Blakely-Voyles was floored when she was diagnosed with Stage III breast cancer two years ago. She was 32 years old, and breast cancer was not on her radar. She admits she didn't even do breast self exams.
Her doctor caught the cancer. Blakely-Voyles did the only thing that felt right. She kept up her positive attitude and her radiant smile even through surgeries, chemotherapy and radiation. At the end of the chemotherapy, there was a complication, and Blakely-Voyles almost died.
Her mother Retha Blakely wrote about what happened in the essay she submitted to the "Honor Your Hero" contest put on by The Safeway Foundation and General Mills, the maker of Cheerios.
My daughter was diagnosed with Stage III breast cancer last year at the age of 32. She and her husband were trying to get pregnant and never saw the cancer coming. After testing positive for the BRCA2 gene, the doctors highly recommended that Heather not only have a bi-lateral mastectomy, but also a partial hysterectomy and! six rounds of chemo and seven weeks of radiation. Throughout the entire process Heather kept a smile on her face, never wanting to worry anyone or let on how sick she was. After her sixth round of chemo, she suffered a pulmonary embolism and nearly died.
Despite all of her suffering, Heather reached out to other women that were recently diagnosed with breast cancer, knowing that her experiences could help others.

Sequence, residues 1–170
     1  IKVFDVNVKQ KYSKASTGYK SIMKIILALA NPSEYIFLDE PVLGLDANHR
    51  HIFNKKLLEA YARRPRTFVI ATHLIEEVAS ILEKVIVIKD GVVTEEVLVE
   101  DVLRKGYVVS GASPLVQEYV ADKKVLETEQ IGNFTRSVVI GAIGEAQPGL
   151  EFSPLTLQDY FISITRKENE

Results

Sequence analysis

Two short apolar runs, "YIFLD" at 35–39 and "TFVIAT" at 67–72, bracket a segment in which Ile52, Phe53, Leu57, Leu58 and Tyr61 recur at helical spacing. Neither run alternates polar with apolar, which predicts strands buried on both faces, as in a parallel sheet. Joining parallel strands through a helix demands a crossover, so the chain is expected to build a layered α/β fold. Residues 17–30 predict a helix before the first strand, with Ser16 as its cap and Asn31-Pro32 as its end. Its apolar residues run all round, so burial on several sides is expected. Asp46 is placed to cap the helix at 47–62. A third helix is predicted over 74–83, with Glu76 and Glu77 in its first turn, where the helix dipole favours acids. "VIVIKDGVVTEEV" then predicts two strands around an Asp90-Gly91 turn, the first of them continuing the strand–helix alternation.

People often tell Heather what an inspiration she is. She always responds by telling them that she is only human and hopes that if she inspires anything, it's awareness and self-exams. Only a month after ending treatment, Heather got highly involved with our local Race for the Cure. She would spend evenings calling, emailing and sending letters to volunteers asking for their help with this year's race. Every chance Heather gets, she reaches out to women diagnosed with breast cancer and plans to continue raising awareness and money for the cause.
Heather always says that breast cancer has changed her and her outlook on life. Each moment is now cherished for the precious gift that it is. Heather and her husband Jeremy have not given up the hope of one day having a family. It is now their plan to adopt a child. Heather looks at cancer as a gift that is allowing them to find a child that needs them as much as they need that child.
A panel of judges from Safeway and General Mills read more than 1,000 nomination letters about other breast-cancer survivors. Heather Blakely-Voyles' story was extraordinary and stood out. She found out last spring that she was receiving national recognition.
During October, which is Breast Cancer Awareness Month, Blakely-Voyles's will grace special edition boxes of Cheerios sold in 1,700 Safeway stores across the country.
To kick off the month, Blakely-Voyles is teaming up with Denver Broncos running back Demaryius Thomas at the Safeway at 2150 Downing in Denver. Until the big reveal Tuesday morning, the oversized box of Cheerios will be covered in a pink cloth.
This past year, Blakely-Voyles was the co-chair of the Wyoming Kids for the Cure and volunteered for the Susan G. Komen Wyoming Race for the Cure.
Another very happy footnote: Blakely-Voyles and her husband never gave up their dream of starting a family despite all of this. They recently adopted a baby girl.
(KUSA-TV © 2012 Multimedia Holdings Corporation)